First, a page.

ruling coalition: This is indeed a time for concern and action.

*     *     *     *

Examples of prejudice abound; it seems they confront us each day, whether we live in Israel, in Charleston, in Oak Park, Wisconsin, at the Sikh temple, or right here in Dane County.  The question is: What will we do about it?  Again, who is responsible, and who will now take responsibility?

A colleague put it in physiological terms:  The human heart has two sides: one side receives blood that has been depleted of oxygen, and the other side adds life-sustaining air and pumps out oxygen-rich blood to the body.  And somehow we hold both in our breast at the same time.

Our hearts today are filled in part with the airless ache of acts of hatred, lives laid to rest in Charleston, and lives cut short by terror overseas.  Many of us feel oxygen-depleted, especially when we consider the situation of the world, and we lose hope.

And for some of us as well, today we also hold in our hearts a measure of hope and comfort, as others of many religious traditions, our gay and lesbian brothers and sisters, were given some assurance that that the love they feel for their beloveds is now going to be more accepted by our nation’s state and national governments. 

Ultimately, it is the positive oxygen that sustains the human body. Ultimately, it is the love and justice that surge through our souls that sustains us all.  It is this life-sustaining force that we must put forth into the world.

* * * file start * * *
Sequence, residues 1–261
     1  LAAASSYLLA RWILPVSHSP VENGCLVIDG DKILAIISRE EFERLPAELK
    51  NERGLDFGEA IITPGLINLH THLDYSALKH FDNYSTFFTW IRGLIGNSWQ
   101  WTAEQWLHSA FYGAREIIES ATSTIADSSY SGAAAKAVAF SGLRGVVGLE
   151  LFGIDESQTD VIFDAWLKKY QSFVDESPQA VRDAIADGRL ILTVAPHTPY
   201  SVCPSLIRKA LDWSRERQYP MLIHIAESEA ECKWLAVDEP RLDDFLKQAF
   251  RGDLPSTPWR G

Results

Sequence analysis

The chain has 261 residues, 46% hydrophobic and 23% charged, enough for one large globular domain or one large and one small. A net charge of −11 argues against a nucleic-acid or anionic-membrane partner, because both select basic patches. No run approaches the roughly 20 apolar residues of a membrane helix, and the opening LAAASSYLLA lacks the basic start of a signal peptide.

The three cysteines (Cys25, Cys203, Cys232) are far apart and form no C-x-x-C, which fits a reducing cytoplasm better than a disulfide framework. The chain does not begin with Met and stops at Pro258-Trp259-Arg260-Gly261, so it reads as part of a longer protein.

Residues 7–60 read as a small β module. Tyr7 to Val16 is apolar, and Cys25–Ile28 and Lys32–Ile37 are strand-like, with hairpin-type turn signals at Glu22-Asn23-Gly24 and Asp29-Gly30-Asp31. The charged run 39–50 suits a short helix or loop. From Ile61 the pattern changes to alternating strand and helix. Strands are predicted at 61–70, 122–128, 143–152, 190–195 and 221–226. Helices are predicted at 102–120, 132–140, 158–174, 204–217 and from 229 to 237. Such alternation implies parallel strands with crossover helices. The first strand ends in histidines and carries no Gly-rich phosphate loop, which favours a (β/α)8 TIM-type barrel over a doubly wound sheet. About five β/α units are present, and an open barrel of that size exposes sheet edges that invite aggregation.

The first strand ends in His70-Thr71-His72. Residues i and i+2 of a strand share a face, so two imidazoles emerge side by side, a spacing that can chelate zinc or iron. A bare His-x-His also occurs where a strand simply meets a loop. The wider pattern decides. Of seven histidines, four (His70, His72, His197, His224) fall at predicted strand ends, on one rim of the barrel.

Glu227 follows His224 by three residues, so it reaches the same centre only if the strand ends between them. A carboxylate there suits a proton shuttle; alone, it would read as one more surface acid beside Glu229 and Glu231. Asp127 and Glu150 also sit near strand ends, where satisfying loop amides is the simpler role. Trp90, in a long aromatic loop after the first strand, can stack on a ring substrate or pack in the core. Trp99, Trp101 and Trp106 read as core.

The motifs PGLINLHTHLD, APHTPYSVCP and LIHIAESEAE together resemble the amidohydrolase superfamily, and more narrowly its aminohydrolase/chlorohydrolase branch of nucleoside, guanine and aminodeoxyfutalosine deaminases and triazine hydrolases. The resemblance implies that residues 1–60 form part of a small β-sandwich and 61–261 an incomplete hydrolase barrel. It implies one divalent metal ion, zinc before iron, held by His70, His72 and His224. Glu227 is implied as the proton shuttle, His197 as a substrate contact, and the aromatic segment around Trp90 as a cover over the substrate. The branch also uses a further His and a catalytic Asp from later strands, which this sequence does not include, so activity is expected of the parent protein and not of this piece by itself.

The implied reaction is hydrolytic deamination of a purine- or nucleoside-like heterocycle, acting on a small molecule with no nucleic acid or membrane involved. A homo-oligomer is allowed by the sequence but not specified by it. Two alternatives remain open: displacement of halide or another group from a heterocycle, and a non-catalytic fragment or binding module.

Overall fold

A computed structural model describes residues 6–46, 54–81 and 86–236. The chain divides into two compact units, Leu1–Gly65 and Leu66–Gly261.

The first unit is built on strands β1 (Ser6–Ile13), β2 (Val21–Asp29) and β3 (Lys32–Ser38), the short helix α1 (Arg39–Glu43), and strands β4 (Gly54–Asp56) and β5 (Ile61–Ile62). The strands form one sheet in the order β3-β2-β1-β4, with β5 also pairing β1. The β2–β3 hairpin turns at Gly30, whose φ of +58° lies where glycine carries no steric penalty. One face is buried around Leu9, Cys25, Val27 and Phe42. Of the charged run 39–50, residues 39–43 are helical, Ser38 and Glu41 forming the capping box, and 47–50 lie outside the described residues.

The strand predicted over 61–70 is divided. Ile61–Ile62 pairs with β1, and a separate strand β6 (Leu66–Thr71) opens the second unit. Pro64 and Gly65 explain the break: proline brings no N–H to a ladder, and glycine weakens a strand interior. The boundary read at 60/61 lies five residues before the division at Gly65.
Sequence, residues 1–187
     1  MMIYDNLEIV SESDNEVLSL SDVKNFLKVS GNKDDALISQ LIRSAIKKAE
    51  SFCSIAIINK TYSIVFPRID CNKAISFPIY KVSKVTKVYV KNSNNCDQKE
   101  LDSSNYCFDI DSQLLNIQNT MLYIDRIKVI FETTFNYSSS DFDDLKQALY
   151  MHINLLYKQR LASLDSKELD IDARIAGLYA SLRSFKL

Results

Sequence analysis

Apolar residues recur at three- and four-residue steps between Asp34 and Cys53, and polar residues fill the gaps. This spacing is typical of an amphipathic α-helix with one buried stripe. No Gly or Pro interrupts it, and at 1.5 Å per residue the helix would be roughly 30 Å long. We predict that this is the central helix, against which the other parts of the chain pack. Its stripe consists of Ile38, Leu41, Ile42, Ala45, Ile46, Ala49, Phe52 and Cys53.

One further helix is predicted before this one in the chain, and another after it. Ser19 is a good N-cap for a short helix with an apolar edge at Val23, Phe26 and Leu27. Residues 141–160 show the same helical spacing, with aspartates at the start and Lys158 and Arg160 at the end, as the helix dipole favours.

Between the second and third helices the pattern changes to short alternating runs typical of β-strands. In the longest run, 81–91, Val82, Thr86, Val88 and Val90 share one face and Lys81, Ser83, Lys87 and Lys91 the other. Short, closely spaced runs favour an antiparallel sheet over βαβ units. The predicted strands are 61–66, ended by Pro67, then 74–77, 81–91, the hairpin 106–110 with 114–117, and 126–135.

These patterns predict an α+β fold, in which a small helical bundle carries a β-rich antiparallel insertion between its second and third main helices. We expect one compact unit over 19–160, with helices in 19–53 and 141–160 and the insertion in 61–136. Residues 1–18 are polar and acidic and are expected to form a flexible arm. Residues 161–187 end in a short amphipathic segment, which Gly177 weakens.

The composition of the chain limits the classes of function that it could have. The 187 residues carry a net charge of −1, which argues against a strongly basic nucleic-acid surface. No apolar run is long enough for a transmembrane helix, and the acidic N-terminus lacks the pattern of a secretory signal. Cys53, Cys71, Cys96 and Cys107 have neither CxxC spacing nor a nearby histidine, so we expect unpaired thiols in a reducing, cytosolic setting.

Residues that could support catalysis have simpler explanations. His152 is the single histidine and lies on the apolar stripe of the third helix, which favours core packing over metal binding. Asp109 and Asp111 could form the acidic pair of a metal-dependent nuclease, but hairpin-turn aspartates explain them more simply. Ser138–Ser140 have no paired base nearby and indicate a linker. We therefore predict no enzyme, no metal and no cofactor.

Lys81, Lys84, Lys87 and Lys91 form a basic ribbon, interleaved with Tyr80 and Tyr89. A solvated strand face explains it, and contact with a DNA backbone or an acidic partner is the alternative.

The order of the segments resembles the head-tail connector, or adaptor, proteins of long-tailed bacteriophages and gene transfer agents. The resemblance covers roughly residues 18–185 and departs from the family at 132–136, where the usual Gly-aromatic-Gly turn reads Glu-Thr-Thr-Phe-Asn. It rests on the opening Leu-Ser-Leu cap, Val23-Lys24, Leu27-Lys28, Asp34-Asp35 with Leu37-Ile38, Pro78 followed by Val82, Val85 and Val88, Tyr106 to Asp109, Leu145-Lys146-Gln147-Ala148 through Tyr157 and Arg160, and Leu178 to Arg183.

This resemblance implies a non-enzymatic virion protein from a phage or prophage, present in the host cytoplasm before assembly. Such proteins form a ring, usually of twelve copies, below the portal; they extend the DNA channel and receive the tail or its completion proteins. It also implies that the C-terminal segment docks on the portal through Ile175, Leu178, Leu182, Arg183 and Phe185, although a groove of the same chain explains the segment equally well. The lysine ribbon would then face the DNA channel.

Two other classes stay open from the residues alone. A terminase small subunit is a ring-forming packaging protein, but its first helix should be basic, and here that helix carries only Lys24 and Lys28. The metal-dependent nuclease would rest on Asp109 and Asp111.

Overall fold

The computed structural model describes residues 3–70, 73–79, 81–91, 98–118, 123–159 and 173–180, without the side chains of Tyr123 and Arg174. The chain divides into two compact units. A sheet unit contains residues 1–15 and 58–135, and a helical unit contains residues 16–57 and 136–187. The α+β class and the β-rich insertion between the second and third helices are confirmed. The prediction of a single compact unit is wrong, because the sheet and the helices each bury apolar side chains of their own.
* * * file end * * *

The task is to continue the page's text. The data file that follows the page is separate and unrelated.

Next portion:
The loss that confronts us this week has taken the breath from our souls.  It is this loss that we feel with profound sadness.  And so we are present for one another at a time of loss.

But let us also use this occasion to bring comfort, through our hope for repairing the ills of our world. 

May we achieve tikkun olam soon, and in our day.

Shabbat Shalom.

*These selections from Leviticus were read by the congregation earlier in the service:
The Revelation at Sinai – The Holiness Code The Eternal spoke to Moses, saying:  Speak to the whole community of Israel and say to them, “You shall be holy, for I - the Eternal - am holy. You shall each revere your father and your mother, and keep My Sabbaths. When you reap your harvest, leave the corners and the gleanings of the field for the poor and the stranger. You shall not steal; you shall not deal deceitfully or falsely with one another. You shall not swear falsely by My name. You shall not defraud your neighbor; you shall not commit robbery. The wages of your workers shall not remain with you until morning. You shall not insult the deaf or place a stumbling block before the blind. You shall not render an unfair decision: Do not favor the poor or show deference to the rich; rather, judge your neighbor fairly. Do not go about as a talebearer.  Do not profit by the blood of your neighbor. You shall not hate your kinfolk in your heart. Reprove your neighbor, but incur no guilt in doing so. Do not take vengeance or bear a grudge against your kinfolk. Love you neighbor as yourself: I am the Eternal.”